NIKE, PART II: OREGONIAN GOES ON-SIGHT AND TALKS WITH KNIGHT
In Portland, Jeff Manning, who spent a month in Asia
examining Nike and other companies' business practices,
debuted part one of his three-part series on Sunday that
included a "rare" interview with Nike Chair Phil Knight.
Manning wrote that Nike products "more than doubled" over
the past three years, "forcing the company and its
subcontractors to crank up production. That, in turn,
increased the heat on workers and, in some cases, led to
outright abuse. The resulting backlash promises to dog Nike
well into the 21st century." Manning: "Nike has become an
international incident." Knight is "by turns furious and
philosophical" abouth the criticism: "For whatever reason,
we've been the poster boy on globalization. That's a very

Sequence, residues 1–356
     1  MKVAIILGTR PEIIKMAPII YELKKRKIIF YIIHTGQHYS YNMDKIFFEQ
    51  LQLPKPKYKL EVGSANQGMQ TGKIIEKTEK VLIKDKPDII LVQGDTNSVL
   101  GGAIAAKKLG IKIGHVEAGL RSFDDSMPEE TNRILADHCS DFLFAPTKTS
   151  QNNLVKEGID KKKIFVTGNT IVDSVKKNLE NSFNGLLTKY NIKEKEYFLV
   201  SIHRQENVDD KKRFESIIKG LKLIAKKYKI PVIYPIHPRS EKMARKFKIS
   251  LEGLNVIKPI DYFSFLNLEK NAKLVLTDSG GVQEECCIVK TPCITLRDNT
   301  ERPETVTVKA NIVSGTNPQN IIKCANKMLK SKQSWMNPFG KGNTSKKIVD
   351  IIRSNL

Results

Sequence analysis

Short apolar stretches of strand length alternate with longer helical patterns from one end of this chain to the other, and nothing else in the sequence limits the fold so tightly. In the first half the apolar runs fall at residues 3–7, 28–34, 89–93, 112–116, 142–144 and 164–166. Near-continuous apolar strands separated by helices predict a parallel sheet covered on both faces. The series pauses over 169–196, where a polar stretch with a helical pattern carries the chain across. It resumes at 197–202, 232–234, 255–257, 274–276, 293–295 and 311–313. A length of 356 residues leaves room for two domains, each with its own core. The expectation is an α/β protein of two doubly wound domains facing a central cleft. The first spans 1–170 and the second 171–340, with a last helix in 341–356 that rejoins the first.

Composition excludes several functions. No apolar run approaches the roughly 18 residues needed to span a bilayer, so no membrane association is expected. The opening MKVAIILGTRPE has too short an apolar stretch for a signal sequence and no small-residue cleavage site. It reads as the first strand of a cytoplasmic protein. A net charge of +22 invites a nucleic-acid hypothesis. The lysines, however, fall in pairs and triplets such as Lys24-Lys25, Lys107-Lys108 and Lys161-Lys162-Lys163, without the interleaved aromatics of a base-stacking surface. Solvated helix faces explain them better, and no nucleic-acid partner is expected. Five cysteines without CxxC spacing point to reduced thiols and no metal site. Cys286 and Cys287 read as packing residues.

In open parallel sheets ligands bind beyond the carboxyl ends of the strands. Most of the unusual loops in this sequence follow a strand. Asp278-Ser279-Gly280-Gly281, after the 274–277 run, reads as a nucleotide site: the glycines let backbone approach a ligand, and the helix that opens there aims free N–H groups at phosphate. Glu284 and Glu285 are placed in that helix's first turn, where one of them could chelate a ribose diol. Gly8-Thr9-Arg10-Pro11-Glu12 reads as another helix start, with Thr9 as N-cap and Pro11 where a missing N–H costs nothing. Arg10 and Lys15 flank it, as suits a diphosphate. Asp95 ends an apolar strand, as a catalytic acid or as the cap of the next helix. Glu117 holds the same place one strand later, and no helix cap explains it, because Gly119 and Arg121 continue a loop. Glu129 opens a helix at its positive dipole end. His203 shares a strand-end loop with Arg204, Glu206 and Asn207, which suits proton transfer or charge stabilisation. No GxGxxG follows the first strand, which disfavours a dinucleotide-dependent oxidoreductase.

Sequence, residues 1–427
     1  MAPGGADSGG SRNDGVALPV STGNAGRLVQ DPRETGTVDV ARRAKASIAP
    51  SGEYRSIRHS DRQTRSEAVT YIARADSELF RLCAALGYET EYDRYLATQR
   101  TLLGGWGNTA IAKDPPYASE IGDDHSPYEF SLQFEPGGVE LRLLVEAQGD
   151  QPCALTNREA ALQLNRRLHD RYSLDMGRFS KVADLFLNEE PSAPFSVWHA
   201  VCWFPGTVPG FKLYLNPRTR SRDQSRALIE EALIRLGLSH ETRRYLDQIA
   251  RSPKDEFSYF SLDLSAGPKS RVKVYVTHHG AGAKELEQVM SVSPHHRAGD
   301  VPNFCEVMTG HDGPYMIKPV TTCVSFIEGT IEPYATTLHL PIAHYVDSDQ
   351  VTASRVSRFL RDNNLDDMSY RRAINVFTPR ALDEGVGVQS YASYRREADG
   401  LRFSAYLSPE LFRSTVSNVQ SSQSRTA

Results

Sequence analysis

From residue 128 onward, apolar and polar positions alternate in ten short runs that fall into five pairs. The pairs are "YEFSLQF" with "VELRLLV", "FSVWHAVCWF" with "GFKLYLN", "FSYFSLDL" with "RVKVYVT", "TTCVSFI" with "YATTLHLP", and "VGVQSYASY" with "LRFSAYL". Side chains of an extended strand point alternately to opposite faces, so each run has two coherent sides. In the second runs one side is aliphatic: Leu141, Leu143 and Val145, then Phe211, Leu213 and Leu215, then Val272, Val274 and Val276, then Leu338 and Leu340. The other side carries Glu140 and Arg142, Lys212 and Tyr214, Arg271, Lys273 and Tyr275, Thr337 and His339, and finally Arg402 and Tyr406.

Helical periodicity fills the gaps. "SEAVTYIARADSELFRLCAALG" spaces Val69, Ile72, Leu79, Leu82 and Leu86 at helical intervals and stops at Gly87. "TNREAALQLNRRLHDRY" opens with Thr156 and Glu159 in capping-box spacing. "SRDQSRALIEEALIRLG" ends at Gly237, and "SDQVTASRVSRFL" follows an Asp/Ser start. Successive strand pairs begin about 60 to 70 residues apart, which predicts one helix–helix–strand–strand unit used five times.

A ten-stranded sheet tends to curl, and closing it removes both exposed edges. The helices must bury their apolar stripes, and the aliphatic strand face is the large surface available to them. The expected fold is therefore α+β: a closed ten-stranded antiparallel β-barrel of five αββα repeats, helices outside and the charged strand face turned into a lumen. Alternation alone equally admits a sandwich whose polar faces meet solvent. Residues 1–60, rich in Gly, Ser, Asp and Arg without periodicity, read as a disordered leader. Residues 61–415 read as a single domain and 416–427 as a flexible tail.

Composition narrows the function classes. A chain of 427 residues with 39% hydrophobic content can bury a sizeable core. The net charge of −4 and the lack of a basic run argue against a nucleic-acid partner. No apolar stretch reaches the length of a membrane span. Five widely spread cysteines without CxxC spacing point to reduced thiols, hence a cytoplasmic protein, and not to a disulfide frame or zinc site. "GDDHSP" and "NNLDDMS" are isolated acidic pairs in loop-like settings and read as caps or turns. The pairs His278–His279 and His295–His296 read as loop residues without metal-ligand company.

emotional topic" (Portland OREGONIAN, 11/9).
WORKING HISTORY: Manning traced Nike's working
relationships with Asian factories and wrote that by '97,
"that network spanned 33 countries on four continents and
had presented Nike with a complex set of issues, many
cultural differences and occupational health standards." In
the interview, Knight said the labor controversy is not
hurting business, even with a 20% drop in stock price since
January 1. Knight: "I don't attribute that to the fact that
we're getting any sort of resistance from our core
customer." Nike officials say that critics are "unfairly
singling out their company and are distorting" the issue.
Knight: "Nike creates a lot of emotion. A lot of that
emotion is positive. But there's a flip side to that. ...
The people who are turned off by the emotion that we
generate really want to believe these things. They
basically view us as a rebel that should be taken down."
Manning: "As serious as Nike's image problem has become, the
company has no plans to change its hugely profitable
subcontracting strategy. The cost-cutting expertise of the
subcontractors produces profit margins and cash that
domestic manufactures find hard to match" (OREGONIAN, 11/9).